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Like Diamondbacks, Cardinals would be rewarded with patience

Justin Upton’s selection to the 2011 National League All-Star team shows what happens when a team acquires a young player with unlimited potential and ability. Guys with five tools don’t come around very often, and it’s great when a team can land a guy with that kind of ability.

It’s even greater when the team shows patience with the aforementioned player, going through the ups and downs that riddle the path to stardom.

It wasn’t long ago that a 21-year-old Upton made his first All-Star team, looking every bit the promising player the D-backs thought they had. Showing power, speed and a big-time arm in right field, Upton was destined to be a star.

Then 2010 happened.

Upton – along with the rest of the team – struggled, and his name was one that reached the trade block in the off-season. The Diamondbacks, with all the hype and fanfare given to the prodigy (Upton, really?), considered moving the former number one pick. While he was not playing at the level everyone hoped he would, Upton had already shown great promise and potential. That didn’t matter, though, as many thought if he hadn’t gotten it by now he never would. Might as well admit he’s not what they thought he’d be and trade him now while he still has some value.

It’s a good thing Kevin Towers did not pull the trigger on a deal, as the team is again reaping the rewards of sticking with their guy. An All-Star for a second time, you’d be hard pressed to find anyone willing to move Upton for more than a handful of current Major League players.

This exercise in patience, whether by choice or necessity, has proven to be a good thing for the Diamondbacks. Here’s hoping the Cardinals follow suit.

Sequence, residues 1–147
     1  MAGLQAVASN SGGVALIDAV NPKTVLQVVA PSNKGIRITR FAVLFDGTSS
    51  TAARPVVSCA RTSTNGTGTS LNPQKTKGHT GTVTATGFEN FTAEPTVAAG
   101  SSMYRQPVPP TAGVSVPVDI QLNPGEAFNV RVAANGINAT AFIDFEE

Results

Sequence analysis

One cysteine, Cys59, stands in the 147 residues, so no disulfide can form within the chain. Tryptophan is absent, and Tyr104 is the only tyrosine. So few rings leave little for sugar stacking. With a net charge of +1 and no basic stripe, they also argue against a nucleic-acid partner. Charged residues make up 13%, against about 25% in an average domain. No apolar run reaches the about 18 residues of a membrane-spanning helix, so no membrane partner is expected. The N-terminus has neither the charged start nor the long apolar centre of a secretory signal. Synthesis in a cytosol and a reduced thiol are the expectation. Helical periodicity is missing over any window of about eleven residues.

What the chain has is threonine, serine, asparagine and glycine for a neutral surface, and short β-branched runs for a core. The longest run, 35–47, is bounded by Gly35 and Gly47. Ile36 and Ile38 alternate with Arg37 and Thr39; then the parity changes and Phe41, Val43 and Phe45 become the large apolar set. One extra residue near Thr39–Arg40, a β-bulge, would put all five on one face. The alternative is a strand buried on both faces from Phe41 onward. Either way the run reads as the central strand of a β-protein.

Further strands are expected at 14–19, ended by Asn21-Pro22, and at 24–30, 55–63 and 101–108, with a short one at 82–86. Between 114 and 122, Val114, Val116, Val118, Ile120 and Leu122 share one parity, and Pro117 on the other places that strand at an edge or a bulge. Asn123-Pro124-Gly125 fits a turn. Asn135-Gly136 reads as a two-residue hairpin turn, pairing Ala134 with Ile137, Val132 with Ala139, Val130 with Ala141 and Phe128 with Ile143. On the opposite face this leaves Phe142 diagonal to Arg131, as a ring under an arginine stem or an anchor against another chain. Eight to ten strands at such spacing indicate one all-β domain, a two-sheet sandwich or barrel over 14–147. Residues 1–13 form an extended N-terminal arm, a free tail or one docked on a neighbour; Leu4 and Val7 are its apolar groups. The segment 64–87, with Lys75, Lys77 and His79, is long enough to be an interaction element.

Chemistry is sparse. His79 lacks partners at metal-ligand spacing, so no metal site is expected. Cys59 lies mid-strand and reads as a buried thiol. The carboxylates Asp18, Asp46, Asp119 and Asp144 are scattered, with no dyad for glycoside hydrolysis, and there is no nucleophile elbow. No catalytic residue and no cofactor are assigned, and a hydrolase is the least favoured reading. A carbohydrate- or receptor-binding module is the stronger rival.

With rumors of them being ready to part ways with Dominique Rodgers-Cromartie gaining steam, chatter of them moving on from Beanie Wells getting louder and what seems like a rush to declare John Skelton as nothing more than a career backup, the team appears ready to give up on talent when they should be nurturing it along.

This isn’t to say the players need to be babied or anything of the like. If DRC avoids making a tackle he should be reamed for it. If Beanie coughs up the football he should be reminded, again, how unacceptable that is, and if Skelton looks like a 5th round pick he certainly should not be leading the Cardinals on Sundays.

But DRC, who has been to a Pro-Bowl, has shown enough promise to make it worth sticking with him. Wells, as a rookie, showed a strong downhill running game and looked every bit the feature back. And Skelton, with nothing expected of him, led the team to a couple of wins and flashed remarkable poise along with his size and big arm.

However, young players having issues is nothing new, and it would behoove the Cardinals to, while not tolerate the mistakes, understand that it is an unfortunate part of having young players. You deal with it because, well, they’re very talented and you’d like to see their success come while wearing your team’s colors, not someone else’s.

So, while the Cardinals go about filling holes (whenever that may be), here’s hoping they realize moving DRC for Kolb would fill one void while creating another, sending Beanie packing now could be reminiscent of the team dumping Thomas Jones before he became a legitimate NFL running back and, in all honesty, giving up on Skelton so soon could be like, well, there is no Cardinals comparison but you get the point.

If a team — in any sport — is unwilling (or unable) to spend big bucks in free agency the only way to get superior talent is to draft it. Save for the NBA, most young players need a little seasoning before anyone can reasonably pass judgment on how good they will ultimately be.

And, as the Diamondbacks and Justin Upton have shown, a little patience can go a long way.